In the wake of the September 11 terrorist attacks, many of
America's Christian evangelicals have denounced Islam as a
"demonic" and inherently violent religion, provoking frustration
among other Christian conservatives who wish to present a more
appealing message to the world's Muslims. Yet as Thomas Kidd
reveals in this sobering book, the conflicted views expressed by
today's evangelicals have deep roots in American history.
Tracing Islam's role in the popular imagination of American
Christians from the colonial period to today, Kidd demonstrates
that Protestant evangelicals have viewed Islam as a global
threat--while also actively seeking to convert Muslims to the
Christian faith--since the nation's founding. He shows how accounts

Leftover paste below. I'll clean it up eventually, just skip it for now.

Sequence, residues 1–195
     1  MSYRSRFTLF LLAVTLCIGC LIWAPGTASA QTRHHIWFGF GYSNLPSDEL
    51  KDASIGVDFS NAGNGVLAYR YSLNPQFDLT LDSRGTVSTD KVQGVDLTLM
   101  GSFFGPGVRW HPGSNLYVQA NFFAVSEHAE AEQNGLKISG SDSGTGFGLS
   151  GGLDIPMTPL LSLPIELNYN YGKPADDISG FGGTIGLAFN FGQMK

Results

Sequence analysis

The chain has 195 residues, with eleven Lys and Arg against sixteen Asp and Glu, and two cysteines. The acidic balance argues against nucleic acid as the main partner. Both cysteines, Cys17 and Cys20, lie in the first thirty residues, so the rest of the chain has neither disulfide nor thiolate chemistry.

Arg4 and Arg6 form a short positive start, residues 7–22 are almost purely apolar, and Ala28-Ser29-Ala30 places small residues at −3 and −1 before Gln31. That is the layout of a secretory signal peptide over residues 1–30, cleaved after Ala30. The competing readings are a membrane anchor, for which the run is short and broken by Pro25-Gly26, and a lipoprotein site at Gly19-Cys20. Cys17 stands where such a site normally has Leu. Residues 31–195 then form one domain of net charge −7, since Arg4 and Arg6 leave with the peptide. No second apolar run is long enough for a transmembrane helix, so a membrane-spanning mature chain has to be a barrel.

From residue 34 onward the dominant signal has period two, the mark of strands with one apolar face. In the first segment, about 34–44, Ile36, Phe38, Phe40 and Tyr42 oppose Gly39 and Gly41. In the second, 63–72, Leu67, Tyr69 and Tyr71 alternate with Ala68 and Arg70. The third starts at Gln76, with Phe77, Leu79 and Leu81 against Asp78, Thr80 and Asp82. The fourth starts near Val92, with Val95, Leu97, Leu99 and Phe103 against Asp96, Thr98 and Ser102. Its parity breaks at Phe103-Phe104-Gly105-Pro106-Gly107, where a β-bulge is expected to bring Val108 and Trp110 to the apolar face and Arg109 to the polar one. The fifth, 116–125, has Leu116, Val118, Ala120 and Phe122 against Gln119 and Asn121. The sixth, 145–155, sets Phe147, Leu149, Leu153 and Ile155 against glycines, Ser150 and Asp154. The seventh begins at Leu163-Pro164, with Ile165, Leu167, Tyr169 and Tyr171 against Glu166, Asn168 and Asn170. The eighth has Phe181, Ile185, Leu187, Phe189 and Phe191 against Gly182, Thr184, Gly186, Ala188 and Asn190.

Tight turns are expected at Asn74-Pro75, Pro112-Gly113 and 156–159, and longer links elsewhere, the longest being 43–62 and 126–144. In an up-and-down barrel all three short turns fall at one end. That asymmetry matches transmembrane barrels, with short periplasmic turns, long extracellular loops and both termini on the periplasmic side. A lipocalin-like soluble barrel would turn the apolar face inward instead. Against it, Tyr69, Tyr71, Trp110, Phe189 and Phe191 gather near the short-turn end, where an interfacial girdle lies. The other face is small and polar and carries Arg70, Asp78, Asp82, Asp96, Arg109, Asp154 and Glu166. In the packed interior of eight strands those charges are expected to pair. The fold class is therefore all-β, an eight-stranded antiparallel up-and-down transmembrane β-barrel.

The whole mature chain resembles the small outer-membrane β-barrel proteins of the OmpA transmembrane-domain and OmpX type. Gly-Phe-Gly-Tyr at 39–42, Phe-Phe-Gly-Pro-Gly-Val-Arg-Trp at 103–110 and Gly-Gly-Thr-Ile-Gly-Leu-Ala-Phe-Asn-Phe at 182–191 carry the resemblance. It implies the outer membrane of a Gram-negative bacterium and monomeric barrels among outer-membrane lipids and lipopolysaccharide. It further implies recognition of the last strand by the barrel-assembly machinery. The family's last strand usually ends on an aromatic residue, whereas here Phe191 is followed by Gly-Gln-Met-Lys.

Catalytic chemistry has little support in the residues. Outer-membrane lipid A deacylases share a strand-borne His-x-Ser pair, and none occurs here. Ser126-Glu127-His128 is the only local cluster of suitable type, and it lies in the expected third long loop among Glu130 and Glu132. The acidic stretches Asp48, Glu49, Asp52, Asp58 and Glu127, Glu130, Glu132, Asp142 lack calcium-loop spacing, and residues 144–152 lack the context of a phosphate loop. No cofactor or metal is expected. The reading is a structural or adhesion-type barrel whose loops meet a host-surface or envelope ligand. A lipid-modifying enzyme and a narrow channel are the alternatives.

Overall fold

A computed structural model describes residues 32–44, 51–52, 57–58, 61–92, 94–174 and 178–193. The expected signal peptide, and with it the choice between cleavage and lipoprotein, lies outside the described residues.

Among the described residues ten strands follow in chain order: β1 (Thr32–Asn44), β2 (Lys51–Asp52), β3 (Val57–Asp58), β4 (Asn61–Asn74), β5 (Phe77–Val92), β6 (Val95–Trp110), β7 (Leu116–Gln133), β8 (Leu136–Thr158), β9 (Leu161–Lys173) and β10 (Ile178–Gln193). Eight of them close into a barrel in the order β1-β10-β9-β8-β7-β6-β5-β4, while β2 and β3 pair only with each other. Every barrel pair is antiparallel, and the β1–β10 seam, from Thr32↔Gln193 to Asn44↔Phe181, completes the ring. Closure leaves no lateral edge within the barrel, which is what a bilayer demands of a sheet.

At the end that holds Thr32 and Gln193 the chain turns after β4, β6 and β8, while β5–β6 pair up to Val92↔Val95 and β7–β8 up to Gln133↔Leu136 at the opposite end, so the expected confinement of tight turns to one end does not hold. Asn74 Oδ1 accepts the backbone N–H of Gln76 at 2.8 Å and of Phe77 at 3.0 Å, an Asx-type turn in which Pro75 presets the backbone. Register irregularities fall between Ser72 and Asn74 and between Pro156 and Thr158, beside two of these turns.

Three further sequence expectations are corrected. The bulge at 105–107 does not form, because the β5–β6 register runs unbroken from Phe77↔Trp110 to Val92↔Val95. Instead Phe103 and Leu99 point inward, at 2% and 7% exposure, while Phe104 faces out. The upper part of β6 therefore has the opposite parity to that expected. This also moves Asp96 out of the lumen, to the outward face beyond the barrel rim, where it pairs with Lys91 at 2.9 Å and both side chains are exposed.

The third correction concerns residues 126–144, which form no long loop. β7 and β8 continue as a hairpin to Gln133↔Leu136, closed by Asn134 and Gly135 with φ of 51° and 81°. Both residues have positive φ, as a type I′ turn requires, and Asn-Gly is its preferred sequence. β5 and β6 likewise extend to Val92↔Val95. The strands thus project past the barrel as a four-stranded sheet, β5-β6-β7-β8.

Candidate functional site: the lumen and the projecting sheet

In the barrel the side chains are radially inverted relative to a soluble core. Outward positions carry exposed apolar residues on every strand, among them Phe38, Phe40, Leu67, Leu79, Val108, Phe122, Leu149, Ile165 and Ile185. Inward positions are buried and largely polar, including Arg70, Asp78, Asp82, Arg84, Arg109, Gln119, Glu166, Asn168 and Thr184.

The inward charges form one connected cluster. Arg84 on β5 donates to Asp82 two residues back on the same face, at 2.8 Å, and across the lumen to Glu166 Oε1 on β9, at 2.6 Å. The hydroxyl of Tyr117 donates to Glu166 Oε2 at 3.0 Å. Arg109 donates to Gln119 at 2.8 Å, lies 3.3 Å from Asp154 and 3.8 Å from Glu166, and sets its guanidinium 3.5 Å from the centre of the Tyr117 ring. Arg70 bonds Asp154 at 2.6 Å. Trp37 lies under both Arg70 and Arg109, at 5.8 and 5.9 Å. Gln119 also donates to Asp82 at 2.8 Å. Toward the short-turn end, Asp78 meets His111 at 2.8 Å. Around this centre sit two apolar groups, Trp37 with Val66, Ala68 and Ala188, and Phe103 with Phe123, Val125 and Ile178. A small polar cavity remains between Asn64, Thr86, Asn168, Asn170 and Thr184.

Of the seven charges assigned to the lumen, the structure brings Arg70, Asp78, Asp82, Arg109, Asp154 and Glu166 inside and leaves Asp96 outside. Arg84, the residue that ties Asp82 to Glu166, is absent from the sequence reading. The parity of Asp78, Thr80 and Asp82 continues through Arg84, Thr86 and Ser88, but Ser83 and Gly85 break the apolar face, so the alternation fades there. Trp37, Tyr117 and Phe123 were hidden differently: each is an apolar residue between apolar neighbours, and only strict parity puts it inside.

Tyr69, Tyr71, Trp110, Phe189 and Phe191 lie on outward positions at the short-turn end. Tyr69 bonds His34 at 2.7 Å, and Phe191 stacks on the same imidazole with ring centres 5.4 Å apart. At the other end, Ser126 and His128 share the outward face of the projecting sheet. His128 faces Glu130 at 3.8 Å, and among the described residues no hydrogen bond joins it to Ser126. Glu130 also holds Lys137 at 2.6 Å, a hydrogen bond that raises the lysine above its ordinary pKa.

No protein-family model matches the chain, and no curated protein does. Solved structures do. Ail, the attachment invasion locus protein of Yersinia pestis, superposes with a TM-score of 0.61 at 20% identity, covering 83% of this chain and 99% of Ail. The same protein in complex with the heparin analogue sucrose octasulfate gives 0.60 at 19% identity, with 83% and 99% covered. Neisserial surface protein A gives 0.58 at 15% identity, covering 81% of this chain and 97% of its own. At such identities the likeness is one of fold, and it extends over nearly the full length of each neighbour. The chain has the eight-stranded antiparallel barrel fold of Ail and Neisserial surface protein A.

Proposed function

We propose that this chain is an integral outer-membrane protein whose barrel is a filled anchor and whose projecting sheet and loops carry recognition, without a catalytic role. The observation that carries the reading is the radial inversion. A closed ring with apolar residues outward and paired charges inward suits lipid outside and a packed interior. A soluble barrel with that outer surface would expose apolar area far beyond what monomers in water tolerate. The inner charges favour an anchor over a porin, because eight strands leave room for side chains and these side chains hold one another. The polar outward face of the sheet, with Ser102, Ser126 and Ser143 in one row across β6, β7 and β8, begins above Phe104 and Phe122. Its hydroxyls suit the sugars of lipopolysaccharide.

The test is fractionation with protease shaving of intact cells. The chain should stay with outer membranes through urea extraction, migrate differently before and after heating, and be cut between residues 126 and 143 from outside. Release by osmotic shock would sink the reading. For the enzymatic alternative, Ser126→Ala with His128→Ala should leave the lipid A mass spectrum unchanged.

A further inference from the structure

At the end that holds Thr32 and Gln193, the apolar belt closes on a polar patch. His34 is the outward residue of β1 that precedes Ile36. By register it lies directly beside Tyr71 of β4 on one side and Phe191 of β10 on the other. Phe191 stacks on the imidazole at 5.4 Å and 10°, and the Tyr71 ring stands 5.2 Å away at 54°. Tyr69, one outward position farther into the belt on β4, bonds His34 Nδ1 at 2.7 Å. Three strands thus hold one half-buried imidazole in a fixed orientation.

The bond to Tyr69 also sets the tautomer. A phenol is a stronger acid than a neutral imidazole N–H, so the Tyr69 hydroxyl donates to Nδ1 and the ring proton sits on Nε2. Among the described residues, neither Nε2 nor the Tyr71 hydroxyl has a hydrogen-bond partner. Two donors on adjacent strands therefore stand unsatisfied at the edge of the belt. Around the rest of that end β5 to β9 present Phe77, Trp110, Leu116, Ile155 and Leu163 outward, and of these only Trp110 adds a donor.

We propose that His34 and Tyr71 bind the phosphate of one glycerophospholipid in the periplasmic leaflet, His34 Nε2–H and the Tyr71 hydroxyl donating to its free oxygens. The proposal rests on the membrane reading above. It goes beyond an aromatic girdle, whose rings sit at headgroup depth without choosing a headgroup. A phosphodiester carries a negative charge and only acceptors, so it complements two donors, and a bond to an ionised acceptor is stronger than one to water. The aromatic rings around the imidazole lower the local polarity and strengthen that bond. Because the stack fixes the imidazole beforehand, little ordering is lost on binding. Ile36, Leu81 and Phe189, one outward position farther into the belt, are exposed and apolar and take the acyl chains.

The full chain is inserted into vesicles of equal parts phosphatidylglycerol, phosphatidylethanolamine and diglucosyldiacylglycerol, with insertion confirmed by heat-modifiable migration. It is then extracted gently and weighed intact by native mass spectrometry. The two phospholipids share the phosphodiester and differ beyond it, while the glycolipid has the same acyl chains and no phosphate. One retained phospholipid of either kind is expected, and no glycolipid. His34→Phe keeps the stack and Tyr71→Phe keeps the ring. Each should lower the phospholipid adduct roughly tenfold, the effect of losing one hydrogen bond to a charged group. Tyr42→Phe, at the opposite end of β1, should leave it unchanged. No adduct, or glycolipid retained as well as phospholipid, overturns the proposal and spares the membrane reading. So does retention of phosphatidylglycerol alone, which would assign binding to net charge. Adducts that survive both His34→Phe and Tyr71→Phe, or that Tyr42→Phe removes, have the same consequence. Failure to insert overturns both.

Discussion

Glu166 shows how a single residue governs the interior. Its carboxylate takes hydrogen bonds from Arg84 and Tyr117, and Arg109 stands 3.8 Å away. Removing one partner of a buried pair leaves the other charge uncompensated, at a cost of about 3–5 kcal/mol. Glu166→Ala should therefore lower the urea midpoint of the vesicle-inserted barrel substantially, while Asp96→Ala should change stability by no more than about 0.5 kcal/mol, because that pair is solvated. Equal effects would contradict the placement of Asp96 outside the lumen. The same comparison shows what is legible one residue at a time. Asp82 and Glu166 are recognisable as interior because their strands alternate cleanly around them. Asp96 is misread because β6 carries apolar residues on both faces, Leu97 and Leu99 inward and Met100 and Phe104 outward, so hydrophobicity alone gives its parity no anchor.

of "Mahometan" despotism and lurid stories of European enslavement
by Barbary pirates fueled early evangelicals' fears concerning
Islam, and describes the growing conservatism of American missions
to Muslim lands up through the post-World War II era. Kidd exposes
American Christians' anxieties about an internal Islamic threat
from groups like the Nation of Islam in the 1960s and America's
immigrant Muslim population today, and he demonstrates why Islam
has become central to evangelical "end-times" narratives. Pointing
to many evangelicals' unwillingness to acknowledge Islam's
theological commonalities with Christianity and their continued
portrayal of Islam as an "evil" and false religion, Kidd explains
why Christians themselves are ironically to blame for the failure
of evangelism in the Muslim world.
"American Christians and Islam" is essential reading for anyone
seeking to understand the causes of the mounting tensions between
Christians and Muslims today.
Is the information for this product incomplete, wrong or inappropriate?
Let us know about it.
Does this product have an incorrect or missing image?
Send us a new image.
Is this product missing categories?
Add more categories.
Review This Product
No reviews yet - be the first to create one!